G4 Achilles Heel

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Date: Monday, February 1st, 1999, 00:00
Category: Archive

Go2Mac Associate Editor Peter Kirn details Apple’s problems with the latest raft of G4s.

While concerns about “cracks” in the plastic casing of the G4 Cube appear to be largely cosmetic, both the G4 Cube and PowerMac G4 are threatened by a potentially more serious problem: a faulty power switch, resulting in the inability to power up the computer or the computer spontaneously powering on and off by itself.


A recent MacCentral article covers problems with the power switch burning out completely so that the computer can’t be turned on, but cites the problem as being “rare.” Ironically, a quick glance at the feedback underneath suggests, rare as it may be, there are plenty of frustrated Mac users experiencing power problems.

CNet also covers the power switch glitch in an article this week, with quotes from both Apple doom sayers and defensive quotes from Apple itself and everything in between. If we are to believe Linda McNulty, Apple’s director of desktop product marketing, the G4 power problem affects only a minute number of systems, and even then, possibly because the user is at fault for adding too many peripherals and drawing too much power: “You’re pushing the system, and that’s where it’s going to manifest itself.” I find this explanation curious as I’ve personally seen a system doing this right out of the box, and Apple themselves advertises the ability to plug the maximum number of USB or FireWire devices into their computers.

On the opposite extreme, we have the “Sky is Falling” response to the issue. “The luster is really off the Apple here,” Roger Kay, analyst at IDC, tells CNet. “They’ve had a couple of executional errors, so their aura of invincibleness has left them.” Mac users, too, as usual, have been complaining and also predicting the beginning of the End.

I don’t think quality issues have affected Apple’s stock price, nor will these glitches be Apple’s downfall, of course. Seeing one of the affected systems in person, though, is a pretty disturbing experience. As I worked Apple Demo Days at a local Wiz store in Co-Op City, the Bronx, NY, our G4 Cube would shut down at the drop of a hat. It was easy to bump the power button (or, since there is no button, the power area) while removing a CD, or simply pass too close to it, setting it off, or tip the unit slightly, which turns off the computer, or, apparently, breathe, walk away, think about the computer, or not think about the computer, all cases in which the Cube decided spontaneously to shut itself off. This was especially upsetting because the G4 Cube was, hands down, the favorite computer of all the visitors to the store.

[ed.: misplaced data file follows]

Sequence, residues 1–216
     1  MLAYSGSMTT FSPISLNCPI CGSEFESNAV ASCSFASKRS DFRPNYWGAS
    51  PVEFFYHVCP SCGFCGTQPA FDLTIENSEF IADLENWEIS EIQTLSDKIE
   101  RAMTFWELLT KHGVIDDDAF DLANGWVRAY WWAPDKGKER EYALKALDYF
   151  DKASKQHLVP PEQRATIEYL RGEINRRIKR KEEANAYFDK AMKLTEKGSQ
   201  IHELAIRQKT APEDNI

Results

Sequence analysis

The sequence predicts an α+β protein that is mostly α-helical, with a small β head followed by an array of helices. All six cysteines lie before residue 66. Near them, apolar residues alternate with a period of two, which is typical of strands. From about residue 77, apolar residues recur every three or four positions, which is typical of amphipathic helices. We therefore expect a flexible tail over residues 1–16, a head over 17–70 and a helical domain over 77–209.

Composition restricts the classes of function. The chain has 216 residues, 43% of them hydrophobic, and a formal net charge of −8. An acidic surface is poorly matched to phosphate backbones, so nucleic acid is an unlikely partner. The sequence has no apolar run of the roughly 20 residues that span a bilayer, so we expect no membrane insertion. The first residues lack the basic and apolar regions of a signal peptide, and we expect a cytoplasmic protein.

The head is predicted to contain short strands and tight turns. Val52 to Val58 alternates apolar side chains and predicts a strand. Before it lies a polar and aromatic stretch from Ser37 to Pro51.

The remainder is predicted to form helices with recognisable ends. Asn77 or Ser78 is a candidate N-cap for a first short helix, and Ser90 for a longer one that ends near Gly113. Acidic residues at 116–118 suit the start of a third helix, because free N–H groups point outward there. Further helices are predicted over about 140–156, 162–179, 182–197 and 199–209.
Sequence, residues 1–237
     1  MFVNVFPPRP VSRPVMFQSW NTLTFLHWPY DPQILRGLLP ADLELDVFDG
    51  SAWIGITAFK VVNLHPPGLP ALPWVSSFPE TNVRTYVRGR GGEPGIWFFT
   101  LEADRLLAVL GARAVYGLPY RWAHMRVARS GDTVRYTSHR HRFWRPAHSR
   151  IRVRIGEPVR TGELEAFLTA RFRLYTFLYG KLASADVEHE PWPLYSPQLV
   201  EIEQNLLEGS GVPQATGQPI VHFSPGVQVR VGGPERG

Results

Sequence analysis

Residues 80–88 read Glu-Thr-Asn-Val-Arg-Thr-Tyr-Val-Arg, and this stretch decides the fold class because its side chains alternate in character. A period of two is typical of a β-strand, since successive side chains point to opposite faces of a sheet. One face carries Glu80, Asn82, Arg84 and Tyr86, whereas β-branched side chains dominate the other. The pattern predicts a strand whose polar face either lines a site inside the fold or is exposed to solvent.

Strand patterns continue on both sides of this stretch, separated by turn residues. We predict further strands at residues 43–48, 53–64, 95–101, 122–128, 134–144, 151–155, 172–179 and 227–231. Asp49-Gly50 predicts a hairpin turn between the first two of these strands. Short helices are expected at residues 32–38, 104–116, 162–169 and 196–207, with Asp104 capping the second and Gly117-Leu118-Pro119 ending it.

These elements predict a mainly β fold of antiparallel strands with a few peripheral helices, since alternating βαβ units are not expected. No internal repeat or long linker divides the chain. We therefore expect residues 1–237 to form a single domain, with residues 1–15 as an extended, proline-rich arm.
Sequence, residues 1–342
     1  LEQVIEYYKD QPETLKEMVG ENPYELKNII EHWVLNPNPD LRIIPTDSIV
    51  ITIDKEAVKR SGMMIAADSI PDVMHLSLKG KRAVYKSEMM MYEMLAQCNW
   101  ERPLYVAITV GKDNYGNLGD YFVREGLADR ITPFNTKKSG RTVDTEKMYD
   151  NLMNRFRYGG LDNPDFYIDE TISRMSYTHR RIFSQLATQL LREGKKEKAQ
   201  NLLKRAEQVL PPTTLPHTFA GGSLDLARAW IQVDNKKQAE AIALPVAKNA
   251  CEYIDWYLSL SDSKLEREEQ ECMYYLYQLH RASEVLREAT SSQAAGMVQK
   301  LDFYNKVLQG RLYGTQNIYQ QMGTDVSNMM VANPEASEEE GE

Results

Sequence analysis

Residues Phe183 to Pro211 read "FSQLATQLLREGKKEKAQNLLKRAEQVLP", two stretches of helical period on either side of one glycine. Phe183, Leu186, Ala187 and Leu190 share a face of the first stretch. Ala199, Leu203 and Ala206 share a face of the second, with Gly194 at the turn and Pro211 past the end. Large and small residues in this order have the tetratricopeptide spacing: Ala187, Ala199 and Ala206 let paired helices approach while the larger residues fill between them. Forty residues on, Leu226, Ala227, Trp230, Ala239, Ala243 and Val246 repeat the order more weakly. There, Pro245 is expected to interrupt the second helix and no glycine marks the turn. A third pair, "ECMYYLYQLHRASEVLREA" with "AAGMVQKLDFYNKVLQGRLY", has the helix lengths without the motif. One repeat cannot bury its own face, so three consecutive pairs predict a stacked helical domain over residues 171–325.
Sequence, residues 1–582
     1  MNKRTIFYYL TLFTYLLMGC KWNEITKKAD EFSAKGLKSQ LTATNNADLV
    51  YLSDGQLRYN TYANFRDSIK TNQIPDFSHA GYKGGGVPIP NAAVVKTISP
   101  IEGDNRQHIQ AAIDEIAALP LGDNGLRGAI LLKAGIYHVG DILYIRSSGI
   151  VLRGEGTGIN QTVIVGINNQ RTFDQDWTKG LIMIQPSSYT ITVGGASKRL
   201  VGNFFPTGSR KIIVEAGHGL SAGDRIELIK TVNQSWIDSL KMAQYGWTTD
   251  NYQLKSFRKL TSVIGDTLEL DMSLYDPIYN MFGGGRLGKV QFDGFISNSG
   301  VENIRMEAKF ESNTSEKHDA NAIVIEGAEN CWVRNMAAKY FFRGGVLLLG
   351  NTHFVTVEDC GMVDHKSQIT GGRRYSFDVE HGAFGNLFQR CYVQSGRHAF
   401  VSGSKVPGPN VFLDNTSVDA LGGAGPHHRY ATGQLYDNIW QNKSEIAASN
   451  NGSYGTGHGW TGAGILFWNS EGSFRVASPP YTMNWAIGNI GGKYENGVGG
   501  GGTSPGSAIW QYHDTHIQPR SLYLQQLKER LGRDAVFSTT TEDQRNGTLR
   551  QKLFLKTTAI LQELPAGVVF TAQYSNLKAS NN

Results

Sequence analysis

The spontaneous power-offs are clearly symptomatic of the problem Apple has described. However, even if Apple is right and this is “rare”, one of the salespeople I was working with said he’d talked to other Wiz stores having the same problems. Apple has done nothing to communicate the problem to salespeople, making it harder to recommend the G4 Cube at a time when Apple is already concerned about excess Cube inventory. Even more disturbing, some of the problems simply result from a cool-looking, but inherently poorly designed, power switch on the Cube specifically. The Cube’s touch sensitive button simply makes it too easy to accidentally turn the computer off! (The PowerMac G4 is immune, at least, to this accusation; while it shares the circuit design of the Cube its button is not touch sensitive, but is a traditional discrete button.)


The good news is, if the circuit in question is simply unseated and not burnt out, users don’t have to wait for an Apple technician to fix the problem. Apple has posted instructions for doing it yourself.

Apple Tech Info Library article # 88037 describes the symptoms of an unseated DC-DC converter card as: “The computer’s power button lights up when touched, but goes out as soon as you remove your finger, and the computer does not turn on. Note: You may also notice the Power Mac G4 Cube starting up or shutting down by itself.” The instructions are right in the TIL article and include helpful, friendly pictures for each step. So, if you’ve been suffering from this problem, head immediately to Apple’s site as you may have a fix you can do yourself.

Overall, I think Apple’s quality control remains very, very good. That makes it even more disappointing to see a blatant oversight here. Apple needs to remedy not only the symptom, but fix the underlying design error, as well, as quickly as it possibly can. The otherwise brilliant designs of the G4 Cube and Gigabit PowerMac G4 deserve nothing less.

In the meantime, good luck to all of you fixing the problem. Have you experienced mysterious power problems with your system? Were you able to repair it as per the above instructions? Please click the feedback link and let us know.

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